However, you can easily tweak things manually if you want and know what you’re doing. Within the app, you can also do things like change the input source (saving you a trip over to the physical unit any time you want to switch between your smartphone’s music and Spotify, for instance), tweak the LED intensity on the speaker, rename it, or hook up multiple other Marshall speakers so you can control the whole home from the one app. Providing you solely have Marshall speakers, of course, as they only link with each other.
The app is a little basic looking but that means it’s simple and straightforward. It’s also where you need to go to sign into Amazon Alexa.
Alexa support is a nice addition but the Marshall Stanmore II Voice isn’t as smart at listening out as you’d like it to be. If you’re near the speaker and willing to speak a little more deliberately than usual, it’s good to go, but this isn’t a perfect smart speaker by any means. The Marshall Stanmore II Voice uses a pair of far-field microphones to listen out, no matter how loudly you’re playing music, but she’s not the sharpest at picking up what you’re saying if you’re a short distance away. She works best when you’re in the same room otherwise you’re going to have to speak up, even if you’ve just stepped a short distance away from the room the speaker is situated in. It’s best to consider Alexa a bonus to the speaker’s solid audio credentials rather than a key reason to buy it.
If you’re reading this and thinking “hey, how about Google Assistant support instead?”—hold on for a little while. The Google Assistant compatible version of this speaker is set for release in 2019.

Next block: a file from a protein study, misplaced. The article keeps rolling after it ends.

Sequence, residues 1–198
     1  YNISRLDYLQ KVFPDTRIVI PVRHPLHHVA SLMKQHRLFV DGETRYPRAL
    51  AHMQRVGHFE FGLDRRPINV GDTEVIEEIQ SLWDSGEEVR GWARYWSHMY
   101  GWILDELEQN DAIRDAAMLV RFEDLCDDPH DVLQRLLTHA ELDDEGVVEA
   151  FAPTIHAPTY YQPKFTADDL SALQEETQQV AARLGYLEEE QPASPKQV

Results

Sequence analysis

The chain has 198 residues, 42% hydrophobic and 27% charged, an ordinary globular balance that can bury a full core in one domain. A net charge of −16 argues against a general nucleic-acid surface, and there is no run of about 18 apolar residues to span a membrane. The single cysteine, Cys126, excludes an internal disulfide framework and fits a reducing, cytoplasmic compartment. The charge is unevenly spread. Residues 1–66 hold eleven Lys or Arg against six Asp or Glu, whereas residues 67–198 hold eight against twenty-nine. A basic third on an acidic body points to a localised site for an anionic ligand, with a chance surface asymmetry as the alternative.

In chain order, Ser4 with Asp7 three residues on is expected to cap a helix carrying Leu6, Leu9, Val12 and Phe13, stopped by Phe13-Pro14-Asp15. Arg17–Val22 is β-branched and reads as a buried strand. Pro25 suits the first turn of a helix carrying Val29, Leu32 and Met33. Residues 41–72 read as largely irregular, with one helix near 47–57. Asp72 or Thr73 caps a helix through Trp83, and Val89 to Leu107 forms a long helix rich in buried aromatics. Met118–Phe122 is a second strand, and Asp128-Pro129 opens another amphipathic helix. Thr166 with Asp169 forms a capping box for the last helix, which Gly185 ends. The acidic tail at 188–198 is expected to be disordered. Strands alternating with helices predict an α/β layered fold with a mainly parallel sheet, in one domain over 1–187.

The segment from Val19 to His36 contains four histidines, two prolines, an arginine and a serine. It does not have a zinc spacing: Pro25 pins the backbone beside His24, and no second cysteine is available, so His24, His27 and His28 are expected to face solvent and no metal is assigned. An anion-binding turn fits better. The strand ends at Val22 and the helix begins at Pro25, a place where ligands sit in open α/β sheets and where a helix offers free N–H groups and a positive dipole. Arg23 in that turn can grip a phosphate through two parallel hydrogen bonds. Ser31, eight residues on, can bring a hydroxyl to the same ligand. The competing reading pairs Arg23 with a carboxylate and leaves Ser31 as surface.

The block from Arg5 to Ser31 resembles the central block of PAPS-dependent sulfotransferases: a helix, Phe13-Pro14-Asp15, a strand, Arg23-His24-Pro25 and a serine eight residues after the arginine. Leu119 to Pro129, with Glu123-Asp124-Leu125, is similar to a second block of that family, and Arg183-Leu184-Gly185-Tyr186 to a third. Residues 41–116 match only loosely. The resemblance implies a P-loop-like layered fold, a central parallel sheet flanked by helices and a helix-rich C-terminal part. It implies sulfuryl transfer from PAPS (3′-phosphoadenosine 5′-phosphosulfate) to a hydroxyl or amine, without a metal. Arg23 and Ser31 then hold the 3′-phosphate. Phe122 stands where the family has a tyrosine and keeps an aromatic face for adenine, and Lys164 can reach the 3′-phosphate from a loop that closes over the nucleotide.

The Sound Quality
You know that moment when you realize you made a really good purchase? That moment occurs when you start listening to your favorite tracks through the Marshall Stanmore II Voice. Two 15 watt class D amplifiers power its tweeters while a 50-watt class D amplifier drives the subwoofer. That means grunt and power when you need it, while being subtle and delicate for those quieter tracks.
I tested out its bass and all-around power with a few Foo Fighters and Queens of the Stone Age tracks. It sounded suitably powerful and made me want to listen to more. I’ve found a good test is to load up some of a friend’s album. Recorded on a limited budget without having been put through expensive processes, I know a good speaker or set of headphones can pick up finer nuances that cheaper forms of audio just can’t achieve. The Marshall Stanmore II Voice somehow made everything feel fresh and new again. I could hear subtle notes that I didn’t usually notice when listening on other devices.
Whack it up to 10 and your neighbors will grumble, but it easily demonstrates the power of this speaker. I found 4 or 5 was ample enough but if you keep turning it up, there’s no loss of quality here. The balance is finely maintained at all volumes. That’s simply assuming you’ve left the app at a preset EQ rather than dabbling yourself. There’s not much of a need to tweak unless you’re super keen to see what the difference is. The unit simply oozes good sound quality.
So, Should I Buy It?
In a word—yes. Sure, the Marshall Stanmore II Voice isn’t perfect. Needing to choose between Alexa or Google Assistant support will be an issue for some households. Also, the Alexa support itself isn’t perfect, requiring you to speak a little more clearly than other smart speakers. This isn’t a household solution—it’s a perk within an exceptional set of speakers.
Because yes, when it comes to sound quality, this is a fairly wonderful speaker. Never missing a proverbial beat, it’s sure to improve your aural experience at home. The fact it looks great at the same time makes it all the better. It’s a purchase decision you won’t regret.
Here’s What We Like
- Great sound quality
- Looks stylish
- Classy physical controls
And What We Don't
- Alexa doesn't have great range
- Minor speed bumps when setting up